Okay, I did a LOT of research on this before I bought it. I wanted a locket that kid with separation anxiety could use to bring Mama and Daddy photos to school with her, and I did NOT want it to break, because augh. There were much more expensive lockets to be had, but someone recommended this one for sturdiness, and they were right. It’s gotten tons of use and it’s still in one piece. It’s a little tacky, but a little kid wants tacky sometimes. It’s also pretty big, which makes it easier to find a photo that fits. (We used a Polaroid photo trimmed down.)


25. Melissa & Doug Magician’s Pop-Up Hat with Tricks 
Nice little magic set for little kids (ages 4-6). The hat collapses and pops up, and they can learn to do some simple magic tricks. 


26. Cupcake Spinner Board Game for Kids
Oh, I love eeBoo games. They are charming and sturdy and actually fun to play. I honestly don’t mind playing these games with preschool kids, and I hate games. The play is simple and quick and it’s just pleasant. The spinner works smoothly and even the storage box is unusually sturdy. Spin the spinner and collect the various components you need to make specific cupcake recipes. 

27. Sandalwood carved hair sticks
Smooth wooden hair sticks for buns, chignons, etc. 

28. Klutz Kids Cooking Activity Book
Klutz books are generally good, but this one was a huge hit. The directions are nice and clear, and the recipes are things people actually want to eat. Comes with a cute rainbow whisk. My just-turned-eight-year-old started using it right away with only a little help, and it’s really helped her get comfortable with basic cooking and baking.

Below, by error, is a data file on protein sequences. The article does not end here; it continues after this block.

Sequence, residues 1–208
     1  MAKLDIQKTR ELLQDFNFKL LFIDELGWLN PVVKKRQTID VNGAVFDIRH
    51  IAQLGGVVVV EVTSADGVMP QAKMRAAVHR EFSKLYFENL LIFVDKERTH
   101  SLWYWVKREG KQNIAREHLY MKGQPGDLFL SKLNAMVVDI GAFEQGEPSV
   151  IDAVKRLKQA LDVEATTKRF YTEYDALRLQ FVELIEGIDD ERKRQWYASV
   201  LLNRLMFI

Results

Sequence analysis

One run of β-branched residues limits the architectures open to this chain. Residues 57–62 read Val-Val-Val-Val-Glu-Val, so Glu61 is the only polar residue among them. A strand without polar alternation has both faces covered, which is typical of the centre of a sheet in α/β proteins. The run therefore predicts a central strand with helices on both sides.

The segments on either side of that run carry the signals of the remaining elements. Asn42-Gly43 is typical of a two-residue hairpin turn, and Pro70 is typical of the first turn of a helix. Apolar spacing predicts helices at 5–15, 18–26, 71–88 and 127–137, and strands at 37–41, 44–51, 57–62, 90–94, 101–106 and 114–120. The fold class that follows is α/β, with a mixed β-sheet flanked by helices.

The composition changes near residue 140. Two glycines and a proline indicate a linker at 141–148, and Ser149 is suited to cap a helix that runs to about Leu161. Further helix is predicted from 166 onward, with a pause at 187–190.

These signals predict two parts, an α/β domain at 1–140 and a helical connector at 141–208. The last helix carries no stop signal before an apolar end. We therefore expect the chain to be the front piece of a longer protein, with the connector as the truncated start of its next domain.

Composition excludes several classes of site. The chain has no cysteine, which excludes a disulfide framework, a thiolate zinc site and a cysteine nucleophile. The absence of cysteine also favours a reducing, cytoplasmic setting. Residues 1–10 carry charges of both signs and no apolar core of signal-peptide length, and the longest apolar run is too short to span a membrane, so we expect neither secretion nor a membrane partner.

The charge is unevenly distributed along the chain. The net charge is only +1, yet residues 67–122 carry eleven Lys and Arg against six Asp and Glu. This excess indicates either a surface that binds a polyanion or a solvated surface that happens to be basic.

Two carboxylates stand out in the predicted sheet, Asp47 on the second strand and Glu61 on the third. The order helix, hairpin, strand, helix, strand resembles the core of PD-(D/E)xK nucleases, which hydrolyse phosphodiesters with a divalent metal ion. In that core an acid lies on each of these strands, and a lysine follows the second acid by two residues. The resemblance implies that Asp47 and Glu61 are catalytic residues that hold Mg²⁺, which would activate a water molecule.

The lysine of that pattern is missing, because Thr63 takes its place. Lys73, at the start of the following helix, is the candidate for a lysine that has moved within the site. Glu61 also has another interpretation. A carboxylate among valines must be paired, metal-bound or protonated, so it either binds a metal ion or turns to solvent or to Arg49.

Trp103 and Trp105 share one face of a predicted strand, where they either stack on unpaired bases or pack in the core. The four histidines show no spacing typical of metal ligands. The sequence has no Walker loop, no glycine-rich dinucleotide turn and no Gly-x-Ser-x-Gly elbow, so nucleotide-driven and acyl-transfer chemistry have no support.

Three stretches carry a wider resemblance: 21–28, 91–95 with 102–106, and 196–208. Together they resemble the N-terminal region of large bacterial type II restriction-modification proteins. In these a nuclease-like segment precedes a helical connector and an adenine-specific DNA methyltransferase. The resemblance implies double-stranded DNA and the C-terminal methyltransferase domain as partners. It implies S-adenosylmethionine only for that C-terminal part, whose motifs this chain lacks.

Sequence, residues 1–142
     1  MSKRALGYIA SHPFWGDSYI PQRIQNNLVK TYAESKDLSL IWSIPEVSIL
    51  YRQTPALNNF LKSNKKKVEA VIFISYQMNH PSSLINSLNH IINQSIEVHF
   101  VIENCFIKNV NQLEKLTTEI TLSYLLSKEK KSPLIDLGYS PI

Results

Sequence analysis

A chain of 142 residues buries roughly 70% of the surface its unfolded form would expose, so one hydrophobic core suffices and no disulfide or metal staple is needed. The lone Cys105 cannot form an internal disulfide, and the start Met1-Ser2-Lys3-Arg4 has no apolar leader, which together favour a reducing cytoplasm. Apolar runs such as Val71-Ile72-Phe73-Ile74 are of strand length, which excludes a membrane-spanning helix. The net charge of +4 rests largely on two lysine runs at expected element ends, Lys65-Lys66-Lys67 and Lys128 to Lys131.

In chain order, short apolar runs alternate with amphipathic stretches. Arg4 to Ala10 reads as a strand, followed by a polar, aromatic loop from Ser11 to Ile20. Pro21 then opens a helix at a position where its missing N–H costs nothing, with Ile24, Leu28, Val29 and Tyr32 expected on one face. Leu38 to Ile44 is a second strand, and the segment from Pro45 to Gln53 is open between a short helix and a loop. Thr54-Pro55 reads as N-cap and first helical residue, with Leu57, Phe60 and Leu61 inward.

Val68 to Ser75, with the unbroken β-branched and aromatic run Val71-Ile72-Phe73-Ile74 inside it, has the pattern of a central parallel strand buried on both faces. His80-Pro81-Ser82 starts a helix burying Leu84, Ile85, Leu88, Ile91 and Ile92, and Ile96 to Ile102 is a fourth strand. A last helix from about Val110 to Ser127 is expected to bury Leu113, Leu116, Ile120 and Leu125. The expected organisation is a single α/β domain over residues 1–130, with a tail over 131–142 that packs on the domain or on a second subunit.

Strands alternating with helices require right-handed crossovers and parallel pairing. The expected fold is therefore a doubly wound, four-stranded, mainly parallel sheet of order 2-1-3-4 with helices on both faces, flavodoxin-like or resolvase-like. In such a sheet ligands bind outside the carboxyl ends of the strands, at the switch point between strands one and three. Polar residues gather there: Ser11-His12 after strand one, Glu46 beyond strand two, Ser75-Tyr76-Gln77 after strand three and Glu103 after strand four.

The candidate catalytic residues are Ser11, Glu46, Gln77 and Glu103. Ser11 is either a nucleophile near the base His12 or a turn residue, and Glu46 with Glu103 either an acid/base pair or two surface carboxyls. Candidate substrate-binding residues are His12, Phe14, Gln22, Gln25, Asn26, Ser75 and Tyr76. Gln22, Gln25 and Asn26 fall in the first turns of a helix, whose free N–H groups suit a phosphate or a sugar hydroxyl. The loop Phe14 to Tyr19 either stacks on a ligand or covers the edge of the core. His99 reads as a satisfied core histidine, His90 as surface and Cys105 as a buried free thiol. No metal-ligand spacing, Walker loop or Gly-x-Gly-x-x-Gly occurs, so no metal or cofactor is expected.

I actually bought these to keep little guys busy at Mass. They get hands a little smudgy, but they are good fun. Would make a decent stocking stuffer. They are about the size of post-it notes and come in little boxes. A big supply so kids don’t stress out about using them up. 


30. Lightweight, waterproof sleeping bag

Honestly, we have so many sleeping bags. They all seem fine. This one is fine. It’s fluffy and good. We don’t actually camp, so I have no idea if it’s good for rugged people. It says it’s good for down to 32F. Lots of colors.



31. Mickey Mouse RC car
The older I get, the more I appreciate Mickey Mouse. That guy is always smiling, and I appreciate that. Here he is, tooling around in his little red convertible. Okay, his head fell off, but that did not slow him down. Easy for little guys to control. 

32. Lava Lamp